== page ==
Most people with questions about EVs are more likely to learn about them from the internet or someone who owns one than from a co-op or utility provider, the poll found. Electric co-ops fell behind carmakers, local dealerships and friends and neighbors on the list of where people might turn for information.
Chris Studer of East River Electric Cooperative, based in Madison, would rather see co-ops closer to the top of that list. The electric grid, its mix of power sources, peak usage times and the like are complicated matters, Studer said, and it’s incredibly easy to misinterpret or overstate the impact of electric vehicles.
The grid can be strained now, with or without a mass of electric vehicles being charged at home, for example.
“On the hottest day in July, when everyone is using their air conditioners and everything else is running, you plug in a bunch of cars and you’re going to have an issue,” Studer said. “On a mild day in April, you could add a ton of cars and it’s not going to be an issue.”
EV driver behavior is a factor in future reliability. Most EV owners charge at home and at night, not during peak times. Many don’t even charge every day, Studer said.
“The worry sometimes among some consumers, and even some utility folks, is ‘Oh, everyone’s gonna come right home after work at 5:15. Everyone’s gonna plug in at the same time and there’s gonna be a problem,’” Studer said. “Well, the numbers don’t really bear out.”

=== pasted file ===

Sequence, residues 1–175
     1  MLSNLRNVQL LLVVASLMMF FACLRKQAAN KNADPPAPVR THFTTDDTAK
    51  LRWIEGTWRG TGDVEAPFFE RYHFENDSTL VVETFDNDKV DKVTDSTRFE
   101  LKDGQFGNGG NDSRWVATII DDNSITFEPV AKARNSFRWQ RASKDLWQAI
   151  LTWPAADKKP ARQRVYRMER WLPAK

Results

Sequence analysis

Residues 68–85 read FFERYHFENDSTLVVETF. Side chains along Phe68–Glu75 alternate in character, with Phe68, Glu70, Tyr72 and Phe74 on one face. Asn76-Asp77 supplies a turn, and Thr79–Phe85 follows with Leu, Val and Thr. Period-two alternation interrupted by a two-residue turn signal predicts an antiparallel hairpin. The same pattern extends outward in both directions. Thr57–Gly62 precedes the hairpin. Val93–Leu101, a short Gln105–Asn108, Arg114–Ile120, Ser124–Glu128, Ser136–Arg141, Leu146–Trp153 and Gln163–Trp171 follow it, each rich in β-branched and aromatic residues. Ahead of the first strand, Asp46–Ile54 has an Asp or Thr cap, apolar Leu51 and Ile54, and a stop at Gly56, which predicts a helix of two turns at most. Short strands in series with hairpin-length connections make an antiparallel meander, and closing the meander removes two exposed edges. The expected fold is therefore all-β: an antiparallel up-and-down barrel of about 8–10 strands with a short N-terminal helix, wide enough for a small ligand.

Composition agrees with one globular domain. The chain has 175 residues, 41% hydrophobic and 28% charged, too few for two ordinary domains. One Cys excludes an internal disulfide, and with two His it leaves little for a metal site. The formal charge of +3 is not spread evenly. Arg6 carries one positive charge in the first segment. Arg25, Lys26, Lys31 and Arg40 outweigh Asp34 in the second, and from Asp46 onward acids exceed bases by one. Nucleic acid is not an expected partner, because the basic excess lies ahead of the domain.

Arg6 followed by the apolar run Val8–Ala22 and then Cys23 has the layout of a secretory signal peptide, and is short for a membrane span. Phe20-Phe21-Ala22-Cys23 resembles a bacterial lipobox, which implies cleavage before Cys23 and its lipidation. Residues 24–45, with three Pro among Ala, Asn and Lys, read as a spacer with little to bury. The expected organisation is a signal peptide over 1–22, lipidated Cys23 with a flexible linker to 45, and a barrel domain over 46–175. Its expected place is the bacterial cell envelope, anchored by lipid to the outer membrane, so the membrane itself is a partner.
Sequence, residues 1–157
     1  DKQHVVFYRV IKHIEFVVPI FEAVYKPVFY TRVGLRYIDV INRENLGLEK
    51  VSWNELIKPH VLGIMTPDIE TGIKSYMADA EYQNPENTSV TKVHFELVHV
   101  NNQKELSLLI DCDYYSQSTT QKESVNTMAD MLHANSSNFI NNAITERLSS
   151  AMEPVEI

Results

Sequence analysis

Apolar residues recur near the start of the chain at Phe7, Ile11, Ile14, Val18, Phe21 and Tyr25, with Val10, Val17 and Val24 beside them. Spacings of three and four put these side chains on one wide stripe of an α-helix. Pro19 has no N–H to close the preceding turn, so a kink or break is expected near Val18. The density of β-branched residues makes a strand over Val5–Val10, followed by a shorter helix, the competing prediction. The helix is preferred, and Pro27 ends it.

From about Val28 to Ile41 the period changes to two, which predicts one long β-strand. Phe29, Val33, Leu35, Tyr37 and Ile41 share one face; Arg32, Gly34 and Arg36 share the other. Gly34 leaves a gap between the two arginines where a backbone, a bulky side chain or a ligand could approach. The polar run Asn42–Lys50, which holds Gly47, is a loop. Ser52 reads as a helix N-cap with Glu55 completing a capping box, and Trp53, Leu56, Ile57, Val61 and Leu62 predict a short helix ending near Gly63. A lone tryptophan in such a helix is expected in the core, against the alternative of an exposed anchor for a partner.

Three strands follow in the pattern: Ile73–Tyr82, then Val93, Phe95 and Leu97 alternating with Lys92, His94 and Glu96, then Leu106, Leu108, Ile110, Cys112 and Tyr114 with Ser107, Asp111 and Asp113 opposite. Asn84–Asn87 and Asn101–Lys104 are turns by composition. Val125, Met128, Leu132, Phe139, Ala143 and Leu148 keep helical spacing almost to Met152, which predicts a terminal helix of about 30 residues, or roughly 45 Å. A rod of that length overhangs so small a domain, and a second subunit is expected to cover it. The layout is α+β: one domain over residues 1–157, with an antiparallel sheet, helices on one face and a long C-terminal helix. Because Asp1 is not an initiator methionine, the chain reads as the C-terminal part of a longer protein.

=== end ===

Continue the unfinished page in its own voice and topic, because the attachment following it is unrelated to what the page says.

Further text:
The growth in electric vehicles is expected to force co-ops to build out generation and transmission infrastructure, he said, but those projects should be based on the speed with which rural consumers adopt them.
Co-ops have had to manage technology-related spikes in electricity usage in the past, he said, such as when farmhouses began to install refrigerators and electric stoves.
At this point, Studer said, it’s unclear how fast the rural Midwest might need more power for EVs.
“It’s kind of a chicken-or-the-egg situation,” Studer said. “How fast are consumers going to adapt to an EV lifestyle?”
It’s not a given that the adoption of EVs will lead to higher electric bills, he said. There are myriad factors that influence the cost of building out the grid for the future.
“It’s more of a case where, as everything in the economy changes, if inflation continues to rise and costs go up, we’ll have to respond to that,” Studer said.
Education now part of co-op missions
East River sees electric vehicles as a net positive for consumers, as they cost considerably less to fuel.
Studer’s employer is among those working to educate consumers in hopes of encouraging them to manage their at-home charging behavior responsibly. Co-ops and investor-owned utilities alike are leaning in on incentives to encourage drivers to charge in off-peak hours.
Which is why Sheila Gross of Sioux Valley Electric Co-Op gets accused of “pushing EVs” on a fairly regular basis. Sioux Valley EV owners can get a $500 rebate for the purchase of a fully electric vehicle if they sign up for the co-op’s off-peak incentives. The “time of use rate” program, which is also available to non-EV owners, charges members 43% less than the standard rate for power consumed between from 10 a.m. to 4 p.m. or 9 p.m. to 7 a.m., and higher-than-standard rates during peak times.
At a Sept. 19 EV Expo at the W.H. Lyon Fairgrounds in Sioux Falls, Gross said the perceived push for EVs is really about education for consumers and cost control for the co-op, rather than an evangelical drive for an electrified future.